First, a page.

Our starting out years were lean as well, and like you I'm finding that I've still stuck to that program. I like spending money as much as the next person, but I like having it in the bank more.

Good for you for being so proactive about this. I really think that's 90% of the battle.

At 13 January 2009 at 17:19, Blogger -Ann said...

AOJ - It's hard. I'm a sucker for books and pyjamas.

Kaycie - So true about money and happiness.

RC - Of course anyone can look at it. I wouldn't be hanging it out in the Internet if I didn't want people to see it. :)

At 13 January 2009 at 22:34, Blogger Rose said...

Cool idea! I tend to be super tight fisted on some things and too splurgy on others (yarn, eating out too often). I might just copy your idea! Thanks for sharing.

At 13 January 2009 at 22:36, Blogger Rose said...

There's something exciting about making it on less I think. We keep our heat lower than most people I work with and we were talking about that today as one option for cutting back on expenses and also feeling like you're "sticking it to the man", if you know what I mean.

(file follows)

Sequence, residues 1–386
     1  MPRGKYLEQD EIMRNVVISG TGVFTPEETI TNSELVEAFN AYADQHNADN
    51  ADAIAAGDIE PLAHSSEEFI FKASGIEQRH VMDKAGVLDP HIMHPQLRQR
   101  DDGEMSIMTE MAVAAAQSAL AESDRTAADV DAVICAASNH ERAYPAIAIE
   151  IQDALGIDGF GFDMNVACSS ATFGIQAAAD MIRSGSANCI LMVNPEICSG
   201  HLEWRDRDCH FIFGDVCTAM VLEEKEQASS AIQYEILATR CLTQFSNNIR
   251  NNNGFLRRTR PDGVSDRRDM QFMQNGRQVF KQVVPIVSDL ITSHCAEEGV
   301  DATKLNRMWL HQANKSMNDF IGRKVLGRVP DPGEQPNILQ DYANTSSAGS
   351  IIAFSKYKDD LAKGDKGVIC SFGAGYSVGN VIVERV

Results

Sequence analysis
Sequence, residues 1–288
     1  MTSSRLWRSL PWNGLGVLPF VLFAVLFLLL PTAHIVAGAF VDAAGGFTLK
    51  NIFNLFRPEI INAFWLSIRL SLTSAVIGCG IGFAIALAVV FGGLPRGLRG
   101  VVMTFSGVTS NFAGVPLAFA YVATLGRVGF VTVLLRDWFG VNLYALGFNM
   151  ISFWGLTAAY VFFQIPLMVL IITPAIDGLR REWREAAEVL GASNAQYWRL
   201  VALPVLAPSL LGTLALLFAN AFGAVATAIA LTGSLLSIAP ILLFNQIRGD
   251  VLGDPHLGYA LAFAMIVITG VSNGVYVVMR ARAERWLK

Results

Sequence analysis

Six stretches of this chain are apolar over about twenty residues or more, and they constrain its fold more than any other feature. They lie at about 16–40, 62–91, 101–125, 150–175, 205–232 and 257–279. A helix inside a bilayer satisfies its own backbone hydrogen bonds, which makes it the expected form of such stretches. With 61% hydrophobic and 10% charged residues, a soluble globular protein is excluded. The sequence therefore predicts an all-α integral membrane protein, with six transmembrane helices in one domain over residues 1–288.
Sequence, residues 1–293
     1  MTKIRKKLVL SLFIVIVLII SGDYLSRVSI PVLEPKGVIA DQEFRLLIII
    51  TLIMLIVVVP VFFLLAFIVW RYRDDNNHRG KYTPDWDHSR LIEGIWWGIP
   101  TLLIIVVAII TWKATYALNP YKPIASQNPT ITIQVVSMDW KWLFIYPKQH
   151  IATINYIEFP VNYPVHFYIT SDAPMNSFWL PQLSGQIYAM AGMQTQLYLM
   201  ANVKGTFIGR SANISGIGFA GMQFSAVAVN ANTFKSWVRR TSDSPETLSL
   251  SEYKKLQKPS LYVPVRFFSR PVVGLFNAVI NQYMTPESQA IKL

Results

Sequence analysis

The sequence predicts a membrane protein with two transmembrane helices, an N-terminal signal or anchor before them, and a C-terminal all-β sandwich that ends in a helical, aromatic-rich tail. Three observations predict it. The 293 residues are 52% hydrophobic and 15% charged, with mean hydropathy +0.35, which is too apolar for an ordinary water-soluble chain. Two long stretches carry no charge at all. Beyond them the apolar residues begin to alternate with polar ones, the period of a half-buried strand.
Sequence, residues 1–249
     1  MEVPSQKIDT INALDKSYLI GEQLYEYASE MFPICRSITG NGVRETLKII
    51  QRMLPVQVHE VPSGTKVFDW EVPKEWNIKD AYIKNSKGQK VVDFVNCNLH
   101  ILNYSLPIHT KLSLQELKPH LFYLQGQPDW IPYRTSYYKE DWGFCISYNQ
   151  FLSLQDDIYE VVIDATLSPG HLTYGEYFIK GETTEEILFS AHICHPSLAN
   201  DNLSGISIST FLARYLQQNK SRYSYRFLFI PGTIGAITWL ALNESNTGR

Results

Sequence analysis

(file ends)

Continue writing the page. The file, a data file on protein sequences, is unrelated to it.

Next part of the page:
At 16 January 2009 at 20:16, Blogger -Ann said...

Rose - I'm the same way about being tight about somethings and spendy on others. Books are my downfall. If it were up to me, we wouldn't turn our heat on until we could see our breath in the house!

At 17 January 2009 at 01:40, Blogger patty said...

i envy the fact that you live in Ireland,that would be my dream!

At 17 January 2009 at 18:41, Blogger Babaloo said...

Just back from Donegal and checking in on everyone. Love your description of your first bedsit.
And I'm looking forward to your new blog, will check it out in a moment. I'm quite good at being thrifty myself. Once I start thinking about what I spend money on, a process sets in that makes me reconsider a lot of purchases - and safe quite a bit.

At 22 January 2009 at 14:24, Blogger Dave P. said...

Great post, Ann. We, too, are reevaluating our spending, even though we're doing better financially than ever before. We're getting rid of cable -- about $50/month, and we rarely watch it -- and trying to figure out how to cut down on other unnecessary expenses. My job is safe, and hopefully Amy's is for the near future, but the economy is so bad and is only going to get worse.